Rapid e-learning is a form of self-paced e-learning content that is developed quickly and intended to be accessed in short chunks and outside the context of a formalised intervention. Bersin and Associates define rapid e-learning as “web-based training programmes that can be created in a few weeks and which are authored largely by subject-matter experts,” although in practice the content is as likely to be developed by generalist trainers or external contractors, and could just as easily be assembled in days or even hours. The pressure is certainly on for more rapid responses to learning needs. According to a report by Bersin in 2005, “78% of trainers in the US are under pressure to develop e-learning more rapidly.” In the same year the eLearning Guild found that “72% of all training challenges are time-critical.”
If rapid e-learning is to live up to its name it requires easy-to-use tools and streamlined processes. Two types of tools have emerged to fill this need:
- PowerPoint-based tools: with these, much of the layout and structuring of the material is accomplished in the familiar PowerPoint interface; the material can then be extended to include narrations, quizzes, surveys and other interactions, and converted to Flash for delivery online. Examples include Articulate and Adobe Presenter.
- Software training tools: these make it possible to record software operations as movies that faithfully demonstrate every mouse movement and menu selection; the movies can be enriched with labels, explanations, questions and exercises, before conversion to Flash for deployment online. Examples include Adobe Captivate and Techsmith Camtasia.
Typical formal e-learning development processes are too cumbersome for situations requiring a rapid response. As Jay Cross explains, “Time trumps perfection. In the old days, training wasn’t released until it passed through a gauntlet of editors, proof-readers, packagers, double-checkers, and worry-warts – lots of training was obsolete before it hit the street. The net has taught us to value timeliness over relentless typo searching. Everything is a work in progress. If it’s not finished, label it DRAFT or Beta, but don’t hold it up. Think of a blog: part of its charm is its informality, the idiosyncrasies of its author, and its status as an opinion, not a law. People learn more when presented with material that is controversial because uncertainty engages the mind.”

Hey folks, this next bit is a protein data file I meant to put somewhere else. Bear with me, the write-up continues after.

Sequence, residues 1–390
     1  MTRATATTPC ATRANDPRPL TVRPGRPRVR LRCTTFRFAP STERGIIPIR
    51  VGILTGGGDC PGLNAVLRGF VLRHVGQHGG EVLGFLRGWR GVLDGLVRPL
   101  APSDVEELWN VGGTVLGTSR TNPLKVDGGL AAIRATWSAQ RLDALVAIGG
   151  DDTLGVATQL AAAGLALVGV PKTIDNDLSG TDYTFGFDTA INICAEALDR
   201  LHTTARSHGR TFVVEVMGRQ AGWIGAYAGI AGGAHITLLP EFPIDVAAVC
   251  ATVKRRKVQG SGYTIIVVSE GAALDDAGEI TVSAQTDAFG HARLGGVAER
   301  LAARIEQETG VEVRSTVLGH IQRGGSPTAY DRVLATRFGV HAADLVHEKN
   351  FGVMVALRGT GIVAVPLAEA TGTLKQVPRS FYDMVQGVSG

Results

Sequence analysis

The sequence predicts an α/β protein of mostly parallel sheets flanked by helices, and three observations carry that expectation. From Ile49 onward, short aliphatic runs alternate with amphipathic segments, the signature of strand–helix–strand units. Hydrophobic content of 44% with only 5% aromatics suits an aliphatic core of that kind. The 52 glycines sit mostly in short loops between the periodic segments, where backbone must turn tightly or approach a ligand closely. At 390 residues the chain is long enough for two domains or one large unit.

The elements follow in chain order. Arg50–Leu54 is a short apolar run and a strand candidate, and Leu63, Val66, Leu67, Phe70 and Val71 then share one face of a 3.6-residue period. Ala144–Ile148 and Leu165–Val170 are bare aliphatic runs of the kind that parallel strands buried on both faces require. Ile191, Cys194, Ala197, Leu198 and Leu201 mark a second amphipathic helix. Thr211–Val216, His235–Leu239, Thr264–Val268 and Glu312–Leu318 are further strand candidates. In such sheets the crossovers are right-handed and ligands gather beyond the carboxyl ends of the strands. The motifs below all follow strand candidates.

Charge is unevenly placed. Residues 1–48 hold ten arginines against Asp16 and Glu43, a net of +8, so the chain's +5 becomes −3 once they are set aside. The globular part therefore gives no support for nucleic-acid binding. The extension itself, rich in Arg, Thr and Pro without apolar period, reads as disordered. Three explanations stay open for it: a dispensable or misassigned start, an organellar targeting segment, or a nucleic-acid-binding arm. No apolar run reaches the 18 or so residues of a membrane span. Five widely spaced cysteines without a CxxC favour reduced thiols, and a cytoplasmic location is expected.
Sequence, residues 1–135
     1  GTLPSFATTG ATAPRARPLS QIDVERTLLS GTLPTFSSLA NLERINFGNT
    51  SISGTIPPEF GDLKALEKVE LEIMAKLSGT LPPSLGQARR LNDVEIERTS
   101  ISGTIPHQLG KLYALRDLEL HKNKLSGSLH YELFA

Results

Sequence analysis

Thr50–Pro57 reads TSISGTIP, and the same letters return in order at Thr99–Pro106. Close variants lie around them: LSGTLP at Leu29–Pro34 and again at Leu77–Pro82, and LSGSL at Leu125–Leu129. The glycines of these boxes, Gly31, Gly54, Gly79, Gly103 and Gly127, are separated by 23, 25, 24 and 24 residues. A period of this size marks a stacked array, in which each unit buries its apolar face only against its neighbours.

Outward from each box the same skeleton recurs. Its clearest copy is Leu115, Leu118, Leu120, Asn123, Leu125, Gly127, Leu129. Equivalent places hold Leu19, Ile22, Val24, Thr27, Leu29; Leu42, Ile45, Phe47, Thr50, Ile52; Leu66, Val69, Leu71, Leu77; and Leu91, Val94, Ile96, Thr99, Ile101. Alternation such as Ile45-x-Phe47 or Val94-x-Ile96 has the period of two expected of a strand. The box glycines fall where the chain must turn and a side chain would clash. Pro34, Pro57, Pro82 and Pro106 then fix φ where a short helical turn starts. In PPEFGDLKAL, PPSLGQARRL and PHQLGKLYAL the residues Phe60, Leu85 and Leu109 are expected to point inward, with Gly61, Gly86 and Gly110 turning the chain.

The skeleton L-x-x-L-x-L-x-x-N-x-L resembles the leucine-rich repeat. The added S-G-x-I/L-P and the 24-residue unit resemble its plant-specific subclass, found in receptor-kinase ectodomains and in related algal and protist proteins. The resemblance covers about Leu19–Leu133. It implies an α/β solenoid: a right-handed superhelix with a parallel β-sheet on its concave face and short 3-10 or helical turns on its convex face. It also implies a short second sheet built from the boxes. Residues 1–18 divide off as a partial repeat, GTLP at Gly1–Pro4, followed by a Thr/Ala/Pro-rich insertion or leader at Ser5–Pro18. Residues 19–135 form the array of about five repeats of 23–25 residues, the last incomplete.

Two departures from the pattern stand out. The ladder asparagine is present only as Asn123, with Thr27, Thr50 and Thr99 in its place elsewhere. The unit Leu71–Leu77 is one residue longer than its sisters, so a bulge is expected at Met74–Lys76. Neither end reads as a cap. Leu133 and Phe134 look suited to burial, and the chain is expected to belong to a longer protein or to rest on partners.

So, although some planning is essential, the key with a rapid process is to get a product up as quickly as possible and to get this in front of real users. The product can then be continuously refined until it meets the needs precisely.
Where the rapid materials are explicitly instructional, they should incorporate the interactive elements necessary to ensure learning takes place. Alternatively they can be kept as simple expositions and used in conjunction with other, more interactive approaches such as short workshops, webinars or online discussions.
Good tools do not guarantee good content and so inexperienced e-learning developers will need some training. Recognising this, a number of experienced designers from around the world co-operated in 2007 in the development of the ’60-minute masters ,’ a course for training part-time authors. They recommended the following as the basis for the curriculum:
Set a realistic goal
Consider the content from the learner’s point of view
Hook learners in emotionally
Present your material clearly, simply and in a logical order
Illuminate your material with imagery
Use audio appropriately
Put your material into context with examples, cases and stories
Engage users with challenging interactions
End with a call to action
Rapid e-learning materials are:
- at their best when relevant, quick and simple, engaging and well supported by visuals;
- best avoided when abstract, over-long, too detailed and overly textual.